On Wednesday night I went to Tallulah’s Parents GCSE information evening at her school. I got the time wrong and arrived an hour early, Jason was working and so I had to leave my girls home alone (!). That is grown up thing number one. And because I’d got the time wrong, instead of being home alone for 90 minutes it turned into 2 and half hours. Aaaaggghhh. They were obviously fine with this, I’m sure they managed to find the hidden chocolate and watched all the telly that I hate them watching, but they were still alive, talking to each other and there had been no fire, in my eyes, it was a success.
Now back to the GCSE’s….
I don’t know about you, but I revert back to being a kid when I go to my children’s school, even though I am probably ten years older than the teachers giving the talk. My body language changes, I slouch, I get a mardy look on my face and instantly have attitude waiting for the teacher to point at me and tell me off. I thought I’d have grown out of this, sadly, I have not.
The talk involved lots of slides and videos explaining how the GCSE’s had changed, what was expected of the kids and what was expected of us. It was really thorough, clear and informative. The problem is that before I went to the talk I was pretty chilled out about Tallulah’s exams, I know its a big deal but worrying wasn’t going to help. But after listening to the amount of work they have to do, how the changes mean that their whole mark is based on a final exam and that there is an extra grade put in for the super duper bright kids the worry started to creep in. Tallulah is very driven, wants to be the best and is prepared to put the work in to get it, but that means she is prone to worry and anxiety. The support that was on offer, from teachers, pastoral, even helplines is incredible and that’s when the gravity of the situation sunk in. The pressure put on the kids to perform well is huge!!!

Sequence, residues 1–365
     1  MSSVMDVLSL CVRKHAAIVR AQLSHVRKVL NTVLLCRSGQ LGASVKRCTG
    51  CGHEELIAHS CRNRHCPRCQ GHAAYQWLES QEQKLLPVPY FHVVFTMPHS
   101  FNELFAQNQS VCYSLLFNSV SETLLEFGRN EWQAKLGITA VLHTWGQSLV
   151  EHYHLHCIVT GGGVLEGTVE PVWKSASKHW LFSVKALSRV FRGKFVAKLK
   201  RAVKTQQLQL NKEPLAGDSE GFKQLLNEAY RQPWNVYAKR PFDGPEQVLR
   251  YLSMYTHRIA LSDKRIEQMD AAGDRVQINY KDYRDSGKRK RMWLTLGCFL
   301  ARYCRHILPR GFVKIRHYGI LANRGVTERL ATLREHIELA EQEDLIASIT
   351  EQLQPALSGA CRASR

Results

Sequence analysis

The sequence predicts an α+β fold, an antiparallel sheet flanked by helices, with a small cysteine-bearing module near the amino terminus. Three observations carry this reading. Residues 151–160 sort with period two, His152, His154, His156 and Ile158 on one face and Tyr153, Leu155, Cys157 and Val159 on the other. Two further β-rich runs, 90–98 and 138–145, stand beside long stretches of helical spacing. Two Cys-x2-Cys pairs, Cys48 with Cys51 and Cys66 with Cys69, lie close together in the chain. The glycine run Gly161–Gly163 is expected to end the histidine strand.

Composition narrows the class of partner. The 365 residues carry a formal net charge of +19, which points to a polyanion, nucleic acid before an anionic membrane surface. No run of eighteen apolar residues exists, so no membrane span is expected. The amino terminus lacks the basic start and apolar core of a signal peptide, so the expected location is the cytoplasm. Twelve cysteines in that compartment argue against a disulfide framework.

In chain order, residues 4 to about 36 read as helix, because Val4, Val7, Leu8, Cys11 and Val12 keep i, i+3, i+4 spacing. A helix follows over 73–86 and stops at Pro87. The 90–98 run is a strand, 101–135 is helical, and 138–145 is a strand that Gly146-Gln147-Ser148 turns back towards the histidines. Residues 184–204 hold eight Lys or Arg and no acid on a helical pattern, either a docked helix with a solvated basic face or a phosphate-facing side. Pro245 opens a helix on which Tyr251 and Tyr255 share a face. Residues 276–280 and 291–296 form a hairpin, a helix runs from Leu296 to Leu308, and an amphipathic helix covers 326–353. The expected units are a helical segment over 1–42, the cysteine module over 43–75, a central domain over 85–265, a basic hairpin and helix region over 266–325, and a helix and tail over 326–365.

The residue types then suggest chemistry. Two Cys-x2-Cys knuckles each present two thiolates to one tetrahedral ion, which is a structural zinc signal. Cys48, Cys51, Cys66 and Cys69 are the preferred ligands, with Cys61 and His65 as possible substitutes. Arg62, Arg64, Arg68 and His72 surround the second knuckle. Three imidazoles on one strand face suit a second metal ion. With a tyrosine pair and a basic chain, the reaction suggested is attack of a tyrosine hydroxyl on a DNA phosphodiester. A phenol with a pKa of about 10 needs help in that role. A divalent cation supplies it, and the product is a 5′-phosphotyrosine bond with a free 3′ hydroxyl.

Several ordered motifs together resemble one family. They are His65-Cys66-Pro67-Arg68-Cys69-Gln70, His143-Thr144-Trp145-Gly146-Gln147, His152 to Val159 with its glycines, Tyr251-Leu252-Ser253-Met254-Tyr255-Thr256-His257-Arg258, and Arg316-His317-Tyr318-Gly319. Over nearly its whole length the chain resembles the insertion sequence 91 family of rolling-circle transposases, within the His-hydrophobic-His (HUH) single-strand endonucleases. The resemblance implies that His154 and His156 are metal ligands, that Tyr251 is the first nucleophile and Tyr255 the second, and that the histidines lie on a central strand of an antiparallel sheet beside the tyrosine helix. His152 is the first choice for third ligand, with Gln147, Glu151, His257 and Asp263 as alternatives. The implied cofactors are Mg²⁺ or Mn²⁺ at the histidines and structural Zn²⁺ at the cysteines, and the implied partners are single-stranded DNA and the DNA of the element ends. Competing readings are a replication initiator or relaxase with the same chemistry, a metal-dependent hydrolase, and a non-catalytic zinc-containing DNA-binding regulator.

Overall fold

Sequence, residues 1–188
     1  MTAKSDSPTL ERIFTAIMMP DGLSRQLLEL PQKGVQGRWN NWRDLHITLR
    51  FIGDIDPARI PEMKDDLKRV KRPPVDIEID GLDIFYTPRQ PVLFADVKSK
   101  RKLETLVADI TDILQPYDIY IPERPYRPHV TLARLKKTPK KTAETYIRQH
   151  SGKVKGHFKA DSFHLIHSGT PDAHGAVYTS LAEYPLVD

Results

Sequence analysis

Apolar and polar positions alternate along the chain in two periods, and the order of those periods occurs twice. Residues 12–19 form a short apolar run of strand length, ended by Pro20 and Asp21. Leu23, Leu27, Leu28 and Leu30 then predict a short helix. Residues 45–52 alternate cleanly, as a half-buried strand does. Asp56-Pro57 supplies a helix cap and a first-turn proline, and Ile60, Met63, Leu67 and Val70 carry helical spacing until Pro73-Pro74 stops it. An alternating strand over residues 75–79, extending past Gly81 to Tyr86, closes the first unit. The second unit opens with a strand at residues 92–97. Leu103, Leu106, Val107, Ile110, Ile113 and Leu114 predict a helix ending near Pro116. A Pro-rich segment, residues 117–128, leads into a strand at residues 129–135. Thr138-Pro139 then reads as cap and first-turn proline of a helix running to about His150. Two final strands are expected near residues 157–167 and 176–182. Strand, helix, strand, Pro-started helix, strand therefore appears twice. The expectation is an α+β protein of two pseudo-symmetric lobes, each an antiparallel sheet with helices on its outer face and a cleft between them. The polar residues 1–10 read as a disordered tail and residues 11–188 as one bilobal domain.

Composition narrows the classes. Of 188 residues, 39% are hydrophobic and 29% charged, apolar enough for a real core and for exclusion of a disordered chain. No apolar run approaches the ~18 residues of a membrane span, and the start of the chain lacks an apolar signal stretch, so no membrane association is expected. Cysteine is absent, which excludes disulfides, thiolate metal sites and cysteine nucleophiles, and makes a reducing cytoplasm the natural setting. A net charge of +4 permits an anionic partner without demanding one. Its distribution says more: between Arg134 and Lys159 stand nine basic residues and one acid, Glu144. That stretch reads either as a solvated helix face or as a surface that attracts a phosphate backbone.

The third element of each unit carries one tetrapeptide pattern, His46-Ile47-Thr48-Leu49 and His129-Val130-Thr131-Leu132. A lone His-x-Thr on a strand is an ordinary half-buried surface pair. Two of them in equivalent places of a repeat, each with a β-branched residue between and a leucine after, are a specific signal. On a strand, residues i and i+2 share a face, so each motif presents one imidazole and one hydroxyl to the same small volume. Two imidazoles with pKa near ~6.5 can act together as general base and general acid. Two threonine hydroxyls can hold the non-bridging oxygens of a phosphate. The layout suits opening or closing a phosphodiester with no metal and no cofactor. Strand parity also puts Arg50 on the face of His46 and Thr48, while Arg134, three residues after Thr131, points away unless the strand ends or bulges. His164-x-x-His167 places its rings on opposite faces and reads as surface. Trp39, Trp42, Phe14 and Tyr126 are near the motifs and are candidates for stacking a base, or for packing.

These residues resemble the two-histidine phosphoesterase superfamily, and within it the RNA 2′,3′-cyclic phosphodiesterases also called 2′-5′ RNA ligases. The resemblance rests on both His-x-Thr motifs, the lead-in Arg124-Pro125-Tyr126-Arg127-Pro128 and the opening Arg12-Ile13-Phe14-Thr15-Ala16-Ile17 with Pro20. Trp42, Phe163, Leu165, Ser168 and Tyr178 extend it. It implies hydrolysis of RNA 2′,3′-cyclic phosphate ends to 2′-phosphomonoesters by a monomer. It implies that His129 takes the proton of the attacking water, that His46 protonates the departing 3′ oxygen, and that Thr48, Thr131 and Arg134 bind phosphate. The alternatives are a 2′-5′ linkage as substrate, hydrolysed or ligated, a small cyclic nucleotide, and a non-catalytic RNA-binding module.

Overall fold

I don’t remember any of this. When I was at school you just got on with it. Granted, my school was pretty rubbish in regards to the academic side, but there was no ‘support’ or ‘pastoral’ to help you reach your potential. I got quite distracted when it came to sitting my exams and I didn’t get the grades that I’d been predicted (although I did get an A in drama), but overall I did okay. I was going to college to do A levels and then I toyed with the idea of being a child psychologist if I didn’t become an actor. All the time I was sitting the exams and deciding my future I never for one second thought that if I didn’t get top marks I was doomed. Ever.
Nowadays the pressure is real!!! And I think it can be detrimental. Sure if you want to be a professional working in law, medicine or any profession requiring a degree you have got to go to Uni, but there are so many jobs that require common sense, a personality and people skills.
Prospects for jobs are gloomier than they once were, but we will always need electrician’s, plumbers and actors (ha!), none of which need a an A* in English.
Let’s encourage our kids to be the best they can be, in whatever field that is, encourage them to develop their personalities and their conversation. Of course they should buckle down and put their all into their GCSE’s but it really isn’t the end of the world.
I think my daughters school is amazing, and they think about the student as a whole, supporting them in any way that they can during this time, and I feel very lucky that they have that. Maybe it would have helped me back in my day……